Member for Roe Peter Rundle has weighed in on the Emergency Services Levy debate, saying it needed ‘independence and hands off’, following a report by the Economic Regulation Authority.
The Emergency Services Levy Report, which includes 27 recommendations for the state government, comes after an extensive public consultation process.
Among the recommendations, the report suggested the Department of Treasury undertake a review of the Department of Fire and Emergency Services’ ‘structure, resources and administration costs’ to determine whether services were being delivered efficiently. Mr Rundle said he was ‘uncomfortable’ with the fact the Department were managing the funds while also being a ‘major receiver’.
“It’s quite unhealthy, as far as I’m concerned, and I really think that is a recommendation that needs to be looked at,” he said.
Mr Rundle said he agreed with the recommendation that an ‘independent advisory body’ should be established to oversee and review how levy funds are spent.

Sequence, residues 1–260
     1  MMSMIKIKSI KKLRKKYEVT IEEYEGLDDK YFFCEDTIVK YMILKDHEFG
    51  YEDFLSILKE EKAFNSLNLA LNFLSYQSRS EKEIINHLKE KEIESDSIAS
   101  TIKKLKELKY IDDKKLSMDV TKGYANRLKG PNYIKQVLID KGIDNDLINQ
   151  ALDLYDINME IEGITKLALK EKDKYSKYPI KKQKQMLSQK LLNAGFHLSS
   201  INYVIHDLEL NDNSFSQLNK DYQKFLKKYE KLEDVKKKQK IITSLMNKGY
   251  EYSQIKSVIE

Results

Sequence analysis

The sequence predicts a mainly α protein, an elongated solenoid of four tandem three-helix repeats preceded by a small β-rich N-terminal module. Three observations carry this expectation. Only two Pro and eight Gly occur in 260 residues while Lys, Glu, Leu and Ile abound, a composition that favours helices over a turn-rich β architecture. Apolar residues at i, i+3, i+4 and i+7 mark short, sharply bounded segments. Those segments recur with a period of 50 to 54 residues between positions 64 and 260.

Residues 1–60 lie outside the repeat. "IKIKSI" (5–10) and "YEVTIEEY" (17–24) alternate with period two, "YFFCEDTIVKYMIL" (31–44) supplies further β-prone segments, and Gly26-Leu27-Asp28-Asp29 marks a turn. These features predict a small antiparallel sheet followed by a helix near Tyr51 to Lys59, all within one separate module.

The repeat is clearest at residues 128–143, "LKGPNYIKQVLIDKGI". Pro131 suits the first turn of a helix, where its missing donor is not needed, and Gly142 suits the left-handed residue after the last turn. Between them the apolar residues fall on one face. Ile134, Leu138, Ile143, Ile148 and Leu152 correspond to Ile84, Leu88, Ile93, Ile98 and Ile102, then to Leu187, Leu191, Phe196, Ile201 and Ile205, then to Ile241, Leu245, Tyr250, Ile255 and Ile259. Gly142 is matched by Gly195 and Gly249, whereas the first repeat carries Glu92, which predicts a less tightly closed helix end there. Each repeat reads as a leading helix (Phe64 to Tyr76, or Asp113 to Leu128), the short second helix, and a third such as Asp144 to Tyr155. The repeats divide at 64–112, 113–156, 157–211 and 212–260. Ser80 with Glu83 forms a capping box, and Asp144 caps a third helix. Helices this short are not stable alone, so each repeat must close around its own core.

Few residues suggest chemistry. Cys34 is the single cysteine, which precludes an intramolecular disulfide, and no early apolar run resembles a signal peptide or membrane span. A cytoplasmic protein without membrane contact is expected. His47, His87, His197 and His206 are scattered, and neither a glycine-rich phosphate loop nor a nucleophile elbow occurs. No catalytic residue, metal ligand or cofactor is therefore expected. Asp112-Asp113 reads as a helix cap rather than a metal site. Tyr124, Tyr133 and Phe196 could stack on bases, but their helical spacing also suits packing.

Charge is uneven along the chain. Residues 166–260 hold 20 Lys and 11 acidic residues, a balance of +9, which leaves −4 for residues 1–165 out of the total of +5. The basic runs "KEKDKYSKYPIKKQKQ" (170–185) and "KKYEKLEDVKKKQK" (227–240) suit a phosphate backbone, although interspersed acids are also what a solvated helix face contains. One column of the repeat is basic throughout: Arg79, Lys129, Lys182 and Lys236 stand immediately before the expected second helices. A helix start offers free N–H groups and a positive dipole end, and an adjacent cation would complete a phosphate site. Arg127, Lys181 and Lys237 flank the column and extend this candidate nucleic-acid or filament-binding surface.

“We’re talking a lot of money here, over $300 million in levy’s being used in 2015-2016, and only 10 per cent coming back. It’s very disturbing,” he said.
As well as recommending an independent advisory and oversight organisation be established, the report addressed the potential of a rural fire service. Cascade Scaddan Fire Review director Dan Sanderson said although a rural fire service could help in the future, its success would depend on its structure and efficiency.
“I don’t think we need to jump into a rural fire service right now,” he said.
“I think we need access to that Emergency Services Levy for first response, then we need a decent mitigation plan and then let a rural fire service evolve. A rural fire service could be something as simple as a coordinating body between the office of Emergency management, who receive the levy, and a coordinating body to make sure that the local government can handle their tasks and access the levy to do it.”
Mr Rundle said he believed giving local governments and the community the resources directly would assist.
“It requires a balance but now, to me, it seems the balance has gone too heavily to administration in Perth and there is just not enough out on the ground,” he said. The state government are yet to decide on what recommendations it will adopt.